How to Manage Exam Stress

With exam season coming, check out some tips on the most effective ways to handle stress...


This assessment period of the academic year can be stressful and difficult for students, with upcoming deadlines for many to tackle. 

One important feature of learning and achievement is academic self-efficacy. This is our internal belief system in our ability to be competent and to succeed academically. These belief systems can have a negative impact on our confidence and ability to do complex tasks. 

A factor that could be decreasing your academic self-efficacy could be your belief in not being good-enough. However, it is important to remember that you are; there is lots of evidence to support this, for example, you gained a place at university and continue to study. 

Another factor that could be hindering your academic self-efficacy is having gaps in your learning.

Remember that gaps in learning are not gaps in your ability! Everyone who comes to university will have gaps in their learning. University is meant to challenge you and develop your skills and career in the music industry."  

Many students are worried that any disruption to their learning can mean they are not ready for assessments, and this adds additional layers of stress.

While working towards assessments can form feelings of worry, stress and feeling under pressure, there are steps you can follow in order for you to feel confident in your ability and help prepare you for these academic deadlines.

Check out our tips and insights below and contact our team if you need further support.

Keep everything in perspective

Remember that assessment success does not define you as a person.

You can still be a talented musician and become successful in the industry. You’ve come very far already! 

Get organised

Break down your work into small chunks and form a study plan.

Schedule in plenty of time to rest, unwind and protect this time. Rest is just as important as completing work.  

Cultivate good habits

Drink water and eat healthy foods. Take part in exercise and activities such as yoga or walking. Try and get eight hours of sleep. Take frequents breaks, such as using a time management technique like Pomodoro. Finally, practice some self-care. 

Try and avoid bad habits

Don’t set unrealistic goals, such as working 24/7. Avoid stimulants, such as caffeine, alcohol and nicotine. Don’t cut out all enjoyment from your life.  

Don't compare yourself to others

Focus on your uniqueness, embrace what makes you human rather than comparing yourself to others too much.

You can even write a list about what you like about yourself. Practice saying positive affirmations.  

Get support when you can

Speaking to friends, family, tutors or our team here at Student Wellbeing can help alleviate feelings of stress. 

While academic stress is inevitable with upcoming deadlines, there is also the risk of burnout. Burnout is a state of emotional, physical and mental exhaustion, caused by feeling stressed and overwhelmed over a long period of time. Burnout can be caused by multiple factors; such as having too many tasks on your to-do list, lack of control over your life, factors in your personal life.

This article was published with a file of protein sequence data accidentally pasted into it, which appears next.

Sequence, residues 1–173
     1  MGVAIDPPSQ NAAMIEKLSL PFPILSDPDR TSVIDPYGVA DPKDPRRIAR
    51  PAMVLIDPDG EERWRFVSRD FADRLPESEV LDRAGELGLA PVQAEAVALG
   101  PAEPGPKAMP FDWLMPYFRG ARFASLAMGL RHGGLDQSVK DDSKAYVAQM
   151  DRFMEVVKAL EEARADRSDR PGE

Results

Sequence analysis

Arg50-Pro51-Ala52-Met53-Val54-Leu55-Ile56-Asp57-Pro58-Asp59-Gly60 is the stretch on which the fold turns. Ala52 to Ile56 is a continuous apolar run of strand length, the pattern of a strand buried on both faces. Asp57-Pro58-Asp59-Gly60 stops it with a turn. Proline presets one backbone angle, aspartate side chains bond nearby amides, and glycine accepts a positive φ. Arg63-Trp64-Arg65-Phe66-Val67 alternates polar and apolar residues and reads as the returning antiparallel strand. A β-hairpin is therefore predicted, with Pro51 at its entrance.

Some signs of burnout include: 

Exhausted all the time

While we can all experience this from time to time, if you are experiencing always feeling tired or sleepy, sore or weak muscles, mood swings or irritability, you could be experiencing mental burnout symptoms caused by fatigue.  

Lack of motivation

Another symptom of burnout can include a lack of motivation, especially in a subject that you were previously excited and enthusiastic about.  

Constant frustration or cynicism

Everyone gets frustrated with their work from time to time.

However, when you are constantly feeling negative emotions towards your work, then it could be a sign of burnout. 

Always feeling stressed or on edge

Stress is an unavoidable reality of having deadlines and assignments.

Small amounts of stress in short bursts have been shown to increase productivity and focus. However, feeling consistently stressed can not only be a sign of burnout but can restrict your performance. 

Regular headaches and stomach aches 

The body and mind are interconnected and intertwined. When we are feeling overwhelmed and burnt out, this could manifest into physical symptoms, such as headaches or stomach aches.   

If you are experiencing levels of burnout, then please share this with somebody. It could be with your GP, Programme team or one of the Student Wellbeing team. 

Finally, one crucial tip for when you are feeling stressed is to play music. It can help externalise and express emotions and help distracts you from negative thoughts. 

Good luck with your studies and get in touch with our team if you need any support...

Take the first steps in your music career with ICMP

We've been developing and delivering contemporary music education for over 30 years – longer than any other music school in the UK. With a proven track-record, countless music industry connections and unrivalled access to facilities, it's easy to see why hundreds of students choose ICMP each year. 

To completely immerse yourself in your music career, chat with our friendly Admissions Team via email or give them a call on 020 7328 0222.

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by Student Wellbeing Team
May 8, 2024
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